The U.S. Department of Education has raised additional questions about California’s plan for complying with the federal Every Student Succeeds Act, further delaying the federal government’s approval of the plan.
In a June 11 letter, federal officials raised a half-dozen issues that they say need further clarification before they will approve the plan. The plan must be approved before California can receive billions of dollars in federal education aid.
“The California Department of Education is surprised and disappointed that the U.S. Department of Education did not approve California’s ESSA plan, but we will work to resolve the new issues they have identified,” said Bill Ainsworth, director of communications for the department, The department worked with the State Board of Education on drafting the plan.
With schools districts and the state counting on the federal funding tied to the law, the state board plans to amend the plan at its next meeting in July, with the hope that approval will quickly follow. “All issues are solvable,” said Karen Stapf-Walters, the board’s executive director.
California is one of only six states whose education plans have yet to be approved by the department, headed by Secretary of Education Betsy DeVos. In the plan, California describes how it will improve the state’s lowest-performing, low-income schools in return for about $2.4 billion in federal funding for low-income children, teacher training, services for migrant children and English learners.
Some of the issues raised this week by Jason Botel, principal deputy assistant secretary in the department, appear technical: more specificity on time frames and goals for improving test scores, graduation rates and progress of English learners; and more information on how the state will use chronic absenteeism as a performance measure this year.
But the letter also points to a deeper policy disagreement. Along with requiring states to identify the lowest performing 5 percent of schools – a minimum of about 300 in California – for more intensive assistance, the federal law requires identifying all schools in which any of a dozen student racial, ethnic or demographic groups is equally low performing. These schools too would be required to get some form of extra help from their districts. They would likely number in the thousands – a magnitude that some board members consider overwhelming, and distracting from a cohesive approach to improvement the state is promoting.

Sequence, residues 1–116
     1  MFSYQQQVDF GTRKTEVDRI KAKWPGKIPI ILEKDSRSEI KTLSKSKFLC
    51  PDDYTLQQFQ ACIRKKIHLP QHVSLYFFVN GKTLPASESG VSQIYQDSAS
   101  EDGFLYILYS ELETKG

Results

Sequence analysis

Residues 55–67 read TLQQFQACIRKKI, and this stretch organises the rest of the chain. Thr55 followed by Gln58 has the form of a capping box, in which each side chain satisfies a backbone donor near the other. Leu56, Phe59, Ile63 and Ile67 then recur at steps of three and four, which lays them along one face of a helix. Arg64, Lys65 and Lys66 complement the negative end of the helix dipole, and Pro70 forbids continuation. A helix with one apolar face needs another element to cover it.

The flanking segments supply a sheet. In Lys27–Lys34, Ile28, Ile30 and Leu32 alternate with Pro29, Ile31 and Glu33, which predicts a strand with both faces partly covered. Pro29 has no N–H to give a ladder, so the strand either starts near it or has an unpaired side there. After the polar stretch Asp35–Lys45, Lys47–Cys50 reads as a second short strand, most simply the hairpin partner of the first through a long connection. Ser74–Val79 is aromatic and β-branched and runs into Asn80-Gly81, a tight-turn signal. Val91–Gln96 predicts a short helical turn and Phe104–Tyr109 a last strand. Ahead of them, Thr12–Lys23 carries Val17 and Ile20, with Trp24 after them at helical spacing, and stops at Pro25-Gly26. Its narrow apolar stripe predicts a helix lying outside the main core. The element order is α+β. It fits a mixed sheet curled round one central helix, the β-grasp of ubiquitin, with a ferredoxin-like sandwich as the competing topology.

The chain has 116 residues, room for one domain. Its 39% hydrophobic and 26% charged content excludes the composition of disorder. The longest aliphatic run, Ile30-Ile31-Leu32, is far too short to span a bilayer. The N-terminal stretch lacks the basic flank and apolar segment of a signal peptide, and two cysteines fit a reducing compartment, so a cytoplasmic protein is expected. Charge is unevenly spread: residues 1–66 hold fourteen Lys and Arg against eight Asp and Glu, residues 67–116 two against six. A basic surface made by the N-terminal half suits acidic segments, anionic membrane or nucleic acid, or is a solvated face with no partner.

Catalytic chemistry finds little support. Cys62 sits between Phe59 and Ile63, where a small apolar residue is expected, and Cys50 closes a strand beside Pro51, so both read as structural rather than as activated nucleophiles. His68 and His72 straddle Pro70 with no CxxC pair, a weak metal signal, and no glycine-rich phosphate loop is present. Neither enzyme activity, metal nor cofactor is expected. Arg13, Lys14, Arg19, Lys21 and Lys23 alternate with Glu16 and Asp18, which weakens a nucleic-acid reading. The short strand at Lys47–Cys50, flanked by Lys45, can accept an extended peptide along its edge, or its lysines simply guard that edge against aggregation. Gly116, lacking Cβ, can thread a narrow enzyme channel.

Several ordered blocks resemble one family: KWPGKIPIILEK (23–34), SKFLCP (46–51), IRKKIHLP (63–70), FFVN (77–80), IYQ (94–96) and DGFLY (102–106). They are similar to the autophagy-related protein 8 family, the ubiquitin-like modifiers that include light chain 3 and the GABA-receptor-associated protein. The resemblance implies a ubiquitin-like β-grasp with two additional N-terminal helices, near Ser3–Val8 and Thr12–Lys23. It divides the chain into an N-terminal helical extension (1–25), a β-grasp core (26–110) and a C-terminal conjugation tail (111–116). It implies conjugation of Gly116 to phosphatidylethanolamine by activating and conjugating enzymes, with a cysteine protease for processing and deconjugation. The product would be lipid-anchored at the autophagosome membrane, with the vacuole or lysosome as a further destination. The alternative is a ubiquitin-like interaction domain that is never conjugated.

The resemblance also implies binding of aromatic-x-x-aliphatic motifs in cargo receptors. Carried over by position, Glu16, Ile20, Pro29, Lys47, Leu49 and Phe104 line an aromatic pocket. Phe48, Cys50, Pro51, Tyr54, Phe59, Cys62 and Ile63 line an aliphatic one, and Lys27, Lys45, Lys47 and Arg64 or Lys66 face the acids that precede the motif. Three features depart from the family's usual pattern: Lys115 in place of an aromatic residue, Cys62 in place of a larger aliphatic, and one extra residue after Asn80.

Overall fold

The state has acknowledged challenges in collecting accurate chronic absenteeism data, which it is gathering for school accountability purposes for the first time.
Enacted by a bipartisan vote in Congress in 2015, the Every Student Succeeds Act gives states more latitude than the more prescriptive law that preceded it, the No Child Left Behind Act.
With that in mind, the board sought to create a common system for improving districts and schools based on the Local Control Funding Formula, the 2013 finance and accountability law championed by Gov. Jerry Brown. The funding law emphasizes multiple measurements, in addition to test scores, to gauge school district progress. It makes districts, not the state, responsible for improvement decisions, emphasizing support – not sanctions – from county offices of education.
But matching state and federal accountability systems hasn’t been an exact fit, and state officials have been negotiating with federal officials for months. Talks continued after the board sent a revised plan to Washington in April.
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